Momentum Shift

April 5, 2016

Sometimes things are going just fine, maybe even great, which is lovely. Showing up each day is relatively easy and the whole place has a positive vibe.

Sometimes, the opposite might be true.

Sales you expected didn’t materialise, exciting new projects got shelved, company share price is falling, valued staff members handing in their notice, EU referendum (I refuse to say Brexit!) fear is slowing everything down… Whatever it might be, it can be tough going.

tools-15539_1280What can be done in such times?

Look for small victories. Seek out a momentum shift.

Whether it’s for your whole organisation and hundreds of people or just you personally, working at home and feeling somewhat discouraged, one small (or big) victory can make the whole world feel like a brighter universe to inhabit and that can be just the fuel needed to keep going and turn things around.

When you haven’t been running for months, one 10-minute jog at half the pace you used to do…and you’re running again.

When you haven’t done proper home cooking since 2009, one simple pasta dish with a few chopped peppers and mushrooms…it’s no Delia or Jamie…but you made it and you’re cooking again.

In the same way after a barren period, find one new customer – no matter how small the transaction – and you’ve got the small, green shoots of growth and possibility again.

One successfully solved customer complaint. Hurray!

One LinkedIn recommendation from a delighted client – someone appreciates what you do!

Set one clear goal that’s exciting and everyone can get behind & can be reached this week.

Do something, no matter how small, to create a momentum shift. Achieve and celebrate one small victory. Success fuels motivation. Motivation generates more success.

Sometimes these momentum shift moments come our way suddenly, unexpectedly and joyously . Sometimes they don’t. That’s when we have to go out and make them happen.

Where did that extra energy come from?

February 22, 2016

Saturday afternoon I went out running with my youngest son Jonar, who’s 8. We got a bit lost round the woods – I’m not known for my sense of direction despite a Geography degree! – and ended up going quite a bit longer than I’d planned and than I thought he would be able to manage.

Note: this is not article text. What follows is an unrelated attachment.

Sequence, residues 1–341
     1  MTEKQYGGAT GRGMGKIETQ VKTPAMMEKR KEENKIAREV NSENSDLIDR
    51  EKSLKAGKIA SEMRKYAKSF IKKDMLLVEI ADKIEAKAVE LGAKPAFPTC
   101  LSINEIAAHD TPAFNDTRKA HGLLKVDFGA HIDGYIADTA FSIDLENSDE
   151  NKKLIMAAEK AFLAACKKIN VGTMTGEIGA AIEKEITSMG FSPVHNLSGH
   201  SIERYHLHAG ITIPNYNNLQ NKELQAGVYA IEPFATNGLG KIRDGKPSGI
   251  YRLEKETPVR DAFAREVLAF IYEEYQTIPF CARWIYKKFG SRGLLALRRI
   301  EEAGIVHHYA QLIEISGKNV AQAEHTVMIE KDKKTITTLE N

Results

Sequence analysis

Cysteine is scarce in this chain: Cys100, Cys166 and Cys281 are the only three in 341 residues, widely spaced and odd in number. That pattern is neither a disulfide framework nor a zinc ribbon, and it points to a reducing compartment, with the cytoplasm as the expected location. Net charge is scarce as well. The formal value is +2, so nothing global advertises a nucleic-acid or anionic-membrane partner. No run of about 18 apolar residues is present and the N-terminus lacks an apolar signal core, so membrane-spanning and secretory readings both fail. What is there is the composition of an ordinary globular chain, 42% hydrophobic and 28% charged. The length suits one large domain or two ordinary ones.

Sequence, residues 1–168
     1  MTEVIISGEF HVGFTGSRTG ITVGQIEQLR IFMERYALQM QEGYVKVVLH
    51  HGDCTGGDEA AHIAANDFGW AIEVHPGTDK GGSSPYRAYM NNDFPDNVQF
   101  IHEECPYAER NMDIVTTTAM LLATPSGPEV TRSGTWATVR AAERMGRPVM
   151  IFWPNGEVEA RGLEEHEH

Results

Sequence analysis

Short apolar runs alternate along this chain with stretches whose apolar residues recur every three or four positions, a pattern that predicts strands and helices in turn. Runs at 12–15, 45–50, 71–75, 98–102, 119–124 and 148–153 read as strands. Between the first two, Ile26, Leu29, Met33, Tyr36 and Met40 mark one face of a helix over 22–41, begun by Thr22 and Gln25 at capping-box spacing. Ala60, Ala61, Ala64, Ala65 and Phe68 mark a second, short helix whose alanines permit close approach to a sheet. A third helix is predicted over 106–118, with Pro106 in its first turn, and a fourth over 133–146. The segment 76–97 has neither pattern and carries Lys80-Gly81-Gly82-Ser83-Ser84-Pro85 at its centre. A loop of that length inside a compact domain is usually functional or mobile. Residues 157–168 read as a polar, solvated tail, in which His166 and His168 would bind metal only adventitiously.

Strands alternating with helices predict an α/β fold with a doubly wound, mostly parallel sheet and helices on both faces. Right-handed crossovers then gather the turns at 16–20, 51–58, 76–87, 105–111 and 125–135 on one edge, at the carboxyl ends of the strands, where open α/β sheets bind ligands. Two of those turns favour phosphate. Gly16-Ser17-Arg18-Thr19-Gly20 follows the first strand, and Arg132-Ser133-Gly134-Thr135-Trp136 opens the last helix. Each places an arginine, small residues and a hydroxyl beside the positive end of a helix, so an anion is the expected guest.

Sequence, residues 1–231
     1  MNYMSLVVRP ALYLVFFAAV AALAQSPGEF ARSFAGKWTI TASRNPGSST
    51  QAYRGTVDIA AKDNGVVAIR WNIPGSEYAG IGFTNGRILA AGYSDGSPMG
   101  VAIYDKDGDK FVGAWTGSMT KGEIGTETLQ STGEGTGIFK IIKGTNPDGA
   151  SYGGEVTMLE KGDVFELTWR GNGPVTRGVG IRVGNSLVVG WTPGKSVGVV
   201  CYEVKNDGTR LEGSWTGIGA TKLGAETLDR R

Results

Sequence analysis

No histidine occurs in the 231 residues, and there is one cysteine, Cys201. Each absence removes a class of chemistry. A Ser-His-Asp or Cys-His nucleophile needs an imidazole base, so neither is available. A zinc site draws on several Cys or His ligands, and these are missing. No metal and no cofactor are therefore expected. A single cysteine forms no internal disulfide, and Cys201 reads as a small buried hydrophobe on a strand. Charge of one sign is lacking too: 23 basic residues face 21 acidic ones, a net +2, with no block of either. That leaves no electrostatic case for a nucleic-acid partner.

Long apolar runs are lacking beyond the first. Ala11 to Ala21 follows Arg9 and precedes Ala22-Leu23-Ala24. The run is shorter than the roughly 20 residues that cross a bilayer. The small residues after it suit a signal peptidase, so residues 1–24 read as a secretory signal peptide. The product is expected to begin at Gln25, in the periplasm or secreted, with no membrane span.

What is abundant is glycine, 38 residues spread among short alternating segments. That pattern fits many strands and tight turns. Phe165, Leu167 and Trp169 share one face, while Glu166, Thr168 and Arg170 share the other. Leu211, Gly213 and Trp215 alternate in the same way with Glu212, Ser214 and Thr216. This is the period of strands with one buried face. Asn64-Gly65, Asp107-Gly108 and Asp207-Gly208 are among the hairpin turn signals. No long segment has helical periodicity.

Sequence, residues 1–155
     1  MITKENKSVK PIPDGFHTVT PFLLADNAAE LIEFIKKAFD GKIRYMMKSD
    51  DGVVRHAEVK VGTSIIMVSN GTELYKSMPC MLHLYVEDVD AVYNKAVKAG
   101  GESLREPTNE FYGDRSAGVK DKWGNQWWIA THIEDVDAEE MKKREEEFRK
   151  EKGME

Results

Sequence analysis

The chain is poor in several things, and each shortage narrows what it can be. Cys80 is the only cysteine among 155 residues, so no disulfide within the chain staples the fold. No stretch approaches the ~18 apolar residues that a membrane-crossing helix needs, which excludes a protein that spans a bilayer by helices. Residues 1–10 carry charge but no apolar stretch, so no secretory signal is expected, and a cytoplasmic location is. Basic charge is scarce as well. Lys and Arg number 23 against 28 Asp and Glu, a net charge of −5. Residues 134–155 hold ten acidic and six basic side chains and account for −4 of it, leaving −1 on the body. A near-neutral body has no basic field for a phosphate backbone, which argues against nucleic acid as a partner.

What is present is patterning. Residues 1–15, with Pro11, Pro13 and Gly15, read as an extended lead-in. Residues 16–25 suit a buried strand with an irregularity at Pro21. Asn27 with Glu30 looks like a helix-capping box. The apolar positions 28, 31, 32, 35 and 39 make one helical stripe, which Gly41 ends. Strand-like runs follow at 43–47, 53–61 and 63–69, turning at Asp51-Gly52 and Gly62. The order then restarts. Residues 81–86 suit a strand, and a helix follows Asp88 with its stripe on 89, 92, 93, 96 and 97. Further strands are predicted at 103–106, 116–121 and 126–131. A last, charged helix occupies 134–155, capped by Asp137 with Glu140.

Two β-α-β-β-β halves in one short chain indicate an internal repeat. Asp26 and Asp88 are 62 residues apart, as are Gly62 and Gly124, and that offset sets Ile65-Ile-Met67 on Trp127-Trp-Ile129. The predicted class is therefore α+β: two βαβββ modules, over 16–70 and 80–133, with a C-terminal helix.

Understandably he was flagging as we headed for home. Quick check on the maps app – 1.4 miles from home. It’s raining. I have a very tired and increasingly unhappy child on my hands whom I have to coax home before he gets too cold.


The obligatory post-run selfie!

Something really interesting happened. A short way into that part of our run, Jonar recognised where we were. I had been saying it’s not that far and giving out all the right “You can do it” encouragement, but it wasn’t working too well.

Suddenly it all changed! When he knew where we were, he was on familiar ground, energy flowed in quite a remarkable way. We ran that last mile or so faster than I would have comfortably done it on my own! I was genuinely amazed.

Three lessons here that I think are important in how we lead ourselves and our teams in a way that galvanises that extra energy and effort that can make the difference between winning (or surviving) and not:

  • Being on familiar territory: create landmarks, familiar habits, systems and ways of operating that breed confidence even in challenging times.
  • Knowing exactly how far there is to go: define the end, or at least a definite staging post on the journey towards the end so people understand there’s an end in sight rather than just plodding on endlessly.
  • Make a big deal about getting there: celebrate small victories, take a picture, have a meal. It makes a huge difference.

Have a great week!




We beat Google!

January 28, 2015

I had an interesting and hugely instructive experience on Monday this week whilst on a trip out with my 7 year old son, Jonar. It’s way too good an illustration not to share with you!

Our mission was to get to a small theatre in Clapham Common by 3pm. Our train arrived at Clapham Junction station at 2:32pm. A quick entry into Google Maps showed that the quickest walking route was going to take us 34 minutes, therefore bringing us to our destination 6 minutes late. Oh no!

Undeterred, Jonar set off briskly up the road. “Dad, we HAVE to beat Google!”

The next 23 minutes turned out to be one of the most fun times I’ve had as a dad. 3 minutes in to our [very swift] walk we had gained a minute. Arrival time down to 3:05. Encouragement duly received my boy is now bouncing along the road with me lagging somewhat behind.

“Let’s get to the bus stop and then check again.”

Sure enough, another minute gained. 3:04. “We’re gonna do it Dad. Let’s try and get it down to 2:59!”

By arrival time we had beaten Google by 9 minutes and it was like we’d just won the lottery, the World Cup, an Oscar and Olympic Gold all in one. What a buzz!

I’ve kept the story brief but it illustrates the point well. When you have a crystal clear goal, with a deadline, and you track your progress towards victory (celebrating every small success along the way), the journey becomes exciting and the rate at which you progress towards the goal is way faster.


If someone had said, “Walk quickly from Clapham Junction to the theatre on Clapham Common and see how long it takes”, it would have, without a doubt, taken us significantly longer. As it was we walked, bounced, skipped and ran our way to our destination, eagerly checking for progress updates at every junction or bus stop!

Many of have goals. Many of us have written those goals down. From my experience, many of those goals remain too vague, with a blurred deadline and no tracking method set up.

Why not choose one important goal and go through the rigor of putting all this in place, just for that one goal…and see how you get on!